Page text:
I'm sorry to say it's not true - Gabriel wasn't actually able to see the film - but a healthy number of people will be watching it next week while I wail and clutch my boxed set. I clicked the link the moment I knew about it, but by that time a wave of browncoats had already crashed over the limited supply and absorbed every ticket.
I must have grieved for an hour. There is nothing I want more than to hear those beloved characters swearing in Chinese.
Those gifted with prescience or whatever, the ones who will caper and exult in the preview theaters, I hope they understand that there are some secrets propriety demands they hold until the film is actually released. I mean it. If you come up to me at San Diego and tell me "so and so is a robot" or some shit I will buy a bat'leth and I will cut you in fucking half. They sell things like that at the convention, legendary weapons, and believe me when I say that being rent stem to stern by a Klingon warblade is probably the least exotic death I could manufacture under the circumstances.
Some of you might be curious as to the status World of Warcraft's "Game of the Year" award, believing perhaps that we either did the right thing and should maintain the position or that we are imbeciles unworthy of a text editor. I can't really speak to the second one, but I can certainly provide you with an update.
Since withdrawing the award I have on several occasions returned to the game or sought to return to it, and my timing has often been inauspicious. On more than one occasion I have sought to re-enter Azeroth during a bout of pre or post patch server misbehavior, and I'd rather slip in there during a more "ordinary" period, or whatever passes for ordinary in a land where dragons roam free. The most recent patch added an "honor system" with the concomitant rewards for said valorous combat. That's not a type of play I typically seek out - it's the Battlegrounds, plot-based consensual combat areas they will deliver in the next patch, that I'm genuinely curious about. The award is stored in a hermetically sealed vault, pristine as the day it was bestowed, and it seems like any modern assessment might as well take this imminent feature into account. Yea, let it be done.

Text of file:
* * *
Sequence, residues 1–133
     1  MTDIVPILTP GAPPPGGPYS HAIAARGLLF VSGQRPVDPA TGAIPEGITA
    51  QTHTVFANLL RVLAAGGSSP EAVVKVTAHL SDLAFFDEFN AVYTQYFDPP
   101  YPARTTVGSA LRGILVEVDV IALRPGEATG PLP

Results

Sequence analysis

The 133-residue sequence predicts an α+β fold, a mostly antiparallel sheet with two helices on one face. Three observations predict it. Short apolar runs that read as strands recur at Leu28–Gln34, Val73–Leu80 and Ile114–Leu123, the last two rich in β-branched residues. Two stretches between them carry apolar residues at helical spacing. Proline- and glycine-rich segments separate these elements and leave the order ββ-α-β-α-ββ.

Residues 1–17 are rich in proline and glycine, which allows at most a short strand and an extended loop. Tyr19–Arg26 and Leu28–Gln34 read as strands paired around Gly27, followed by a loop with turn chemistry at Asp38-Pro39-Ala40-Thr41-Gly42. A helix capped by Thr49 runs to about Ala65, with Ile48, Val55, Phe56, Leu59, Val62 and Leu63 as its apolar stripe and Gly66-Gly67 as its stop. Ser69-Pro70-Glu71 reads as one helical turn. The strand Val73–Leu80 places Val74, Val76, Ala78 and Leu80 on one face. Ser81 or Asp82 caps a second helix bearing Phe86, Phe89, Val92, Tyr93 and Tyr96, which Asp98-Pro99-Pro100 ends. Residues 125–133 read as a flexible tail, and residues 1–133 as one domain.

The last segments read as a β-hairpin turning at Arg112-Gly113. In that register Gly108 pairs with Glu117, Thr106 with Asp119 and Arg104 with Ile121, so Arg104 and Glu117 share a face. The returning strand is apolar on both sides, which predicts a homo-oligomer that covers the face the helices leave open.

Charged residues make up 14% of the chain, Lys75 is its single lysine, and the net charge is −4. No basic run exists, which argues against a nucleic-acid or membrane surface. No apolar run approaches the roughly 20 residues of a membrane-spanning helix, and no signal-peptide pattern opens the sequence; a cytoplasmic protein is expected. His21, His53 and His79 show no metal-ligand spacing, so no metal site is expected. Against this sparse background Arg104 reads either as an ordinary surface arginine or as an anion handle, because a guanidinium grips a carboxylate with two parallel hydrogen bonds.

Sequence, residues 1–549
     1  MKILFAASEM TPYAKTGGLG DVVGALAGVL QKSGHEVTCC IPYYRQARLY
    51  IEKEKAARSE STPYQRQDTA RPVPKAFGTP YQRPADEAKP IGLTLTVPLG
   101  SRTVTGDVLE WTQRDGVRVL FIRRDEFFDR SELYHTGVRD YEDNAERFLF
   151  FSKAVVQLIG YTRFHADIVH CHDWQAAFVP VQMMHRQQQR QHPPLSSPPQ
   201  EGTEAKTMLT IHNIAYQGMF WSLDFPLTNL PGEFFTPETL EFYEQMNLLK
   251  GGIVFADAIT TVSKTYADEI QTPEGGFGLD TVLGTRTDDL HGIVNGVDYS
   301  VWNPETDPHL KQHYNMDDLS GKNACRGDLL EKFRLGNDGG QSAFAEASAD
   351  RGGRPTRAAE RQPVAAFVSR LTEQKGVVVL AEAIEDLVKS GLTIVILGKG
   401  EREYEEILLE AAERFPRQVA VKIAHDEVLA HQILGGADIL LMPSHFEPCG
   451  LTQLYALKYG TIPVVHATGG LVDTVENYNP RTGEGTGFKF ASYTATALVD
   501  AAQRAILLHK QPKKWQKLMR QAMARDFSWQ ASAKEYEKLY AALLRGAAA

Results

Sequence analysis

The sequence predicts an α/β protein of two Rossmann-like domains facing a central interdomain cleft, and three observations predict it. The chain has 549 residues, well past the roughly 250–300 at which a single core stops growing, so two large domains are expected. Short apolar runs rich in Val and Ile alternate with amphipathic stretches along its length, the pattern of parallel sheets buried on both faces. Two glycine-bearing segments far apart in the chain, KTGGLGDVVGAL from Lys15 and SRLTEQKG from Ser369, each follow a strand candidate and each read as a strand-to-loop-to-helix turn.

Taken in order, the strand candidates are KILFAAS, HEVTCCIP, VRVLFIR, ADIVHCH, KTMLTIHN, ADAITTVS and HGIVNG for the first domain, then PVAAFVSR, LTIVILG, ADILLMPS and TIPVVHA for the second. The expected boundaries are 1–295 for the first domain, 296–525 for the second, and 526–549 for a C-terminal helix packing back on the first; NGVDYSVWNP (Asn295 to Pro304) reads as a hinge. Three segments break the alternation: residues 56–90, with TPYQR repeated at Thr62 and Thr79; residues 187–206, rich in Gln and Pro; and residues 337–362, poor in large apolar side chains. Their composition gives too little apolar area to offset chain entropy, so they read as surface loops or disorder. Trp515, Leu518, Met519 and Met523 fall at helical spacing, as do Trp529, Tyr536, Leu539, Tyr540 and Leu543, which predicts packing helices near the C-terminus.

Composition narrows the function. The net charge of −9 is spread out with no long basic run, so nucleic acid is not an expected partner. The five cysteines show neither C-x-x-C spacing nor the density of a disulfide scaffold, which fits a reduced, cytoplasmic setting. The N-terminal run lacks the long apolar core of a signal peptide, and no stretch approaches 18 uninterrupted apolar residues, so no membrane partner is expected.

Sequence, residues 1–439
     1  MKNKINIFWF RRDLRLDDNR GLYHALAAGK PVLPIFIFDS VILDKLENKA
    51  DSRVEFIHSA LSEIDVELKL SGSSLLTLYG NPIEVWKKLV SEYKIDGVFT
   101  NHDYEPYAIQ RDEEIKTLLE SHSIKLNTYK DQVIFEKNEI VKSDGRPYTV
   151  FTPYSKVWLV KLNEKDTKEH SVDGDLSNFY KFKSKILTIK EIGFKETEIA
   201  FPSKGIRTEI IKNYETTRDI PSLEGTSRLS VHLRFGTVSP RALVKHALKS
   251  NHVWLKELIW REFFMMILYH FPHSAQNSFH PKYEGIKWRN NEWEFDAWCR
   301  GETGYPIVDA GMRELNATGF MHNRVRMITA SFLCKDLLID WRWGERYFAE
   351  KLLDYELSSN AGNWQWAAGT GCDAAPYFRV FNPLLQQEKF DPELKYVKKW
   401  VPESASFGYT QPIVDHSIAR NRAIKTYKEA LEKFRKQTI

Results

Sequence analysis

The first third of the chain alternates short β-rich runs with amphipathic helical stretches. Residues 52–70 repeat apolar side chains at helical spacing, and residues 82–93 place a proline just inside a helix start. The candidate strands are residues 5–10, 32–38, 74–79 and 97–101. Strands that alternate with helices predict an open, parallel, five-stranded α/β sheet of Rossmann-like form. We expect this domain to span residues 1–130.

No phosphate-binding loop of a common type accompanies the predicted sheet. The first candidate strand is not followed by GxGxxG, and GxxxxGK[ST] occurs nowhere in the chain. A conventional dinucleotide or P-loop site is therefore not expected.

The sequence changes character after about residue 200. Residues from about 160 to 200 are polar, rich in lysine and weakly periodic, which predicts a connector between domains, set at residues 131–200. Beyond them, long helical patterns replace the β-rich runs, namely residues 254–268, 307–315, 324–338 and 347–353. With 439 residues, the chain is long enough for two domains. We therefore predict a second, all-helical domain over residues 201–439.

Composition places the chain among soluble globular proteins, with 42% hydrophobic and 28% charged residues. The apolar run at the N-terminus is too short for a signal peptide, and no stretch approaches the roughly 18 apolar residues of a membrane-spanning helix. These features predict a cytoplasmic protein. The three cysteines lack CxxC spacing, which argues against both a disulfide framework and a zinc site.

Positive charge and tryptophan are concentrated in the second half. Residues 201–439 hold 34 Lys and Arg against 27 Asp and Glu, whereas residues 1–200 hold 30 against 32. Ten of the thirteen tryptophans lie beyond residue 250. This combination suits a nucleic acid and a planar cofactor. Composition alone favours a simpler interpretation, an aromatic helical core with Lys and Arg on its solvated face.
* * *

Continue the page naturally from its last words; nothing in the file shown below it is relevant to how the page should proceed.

The honor system and the related Battlegrounds have come along fairly quickly, by WoW patch standards - and it's theorized by some that Guild Wars is responsible for that sudden spring in their step. This is probably bolstered by the fact that many employees at Arena.net were once from Blizzard. There's no doubt that the community has positioned the players in this adversarial fashion, thirsty for conflict, but these games could not be more different. Yes, I realize that they both have warriors and magic. That does not qualify as a keen insight.
Guild Wars, and I do not mean this in a pejorative sense, is a medieval Phantasy Star Online. No portion of this game is "massive" as we understand that term in relation to online role-playing games, although I would describe the elementalists' tower in Wizard's Folly as "quite large." My five hours yesterday was enjoyably invested, I look forward to additional hours in that state, collecting special abilities as one might "cards" and hand selecting the eight powers I will bear to a specific scenario. WoW snaps off some of the more annoying elements of the massive genre, but many things about it - long travel, high level grind, kill quests - circumscribe a fairly traditional experience in raw terms. I maintain that - when all cylinders are firing - is it the best example of an MMO. But when you take a game like that in one hand and then hold up a kind of swords and sorcery deathmatch in the other hand seeking to compare the two, I guess I don't know what that's meant to accomplish.
if you're the queen of california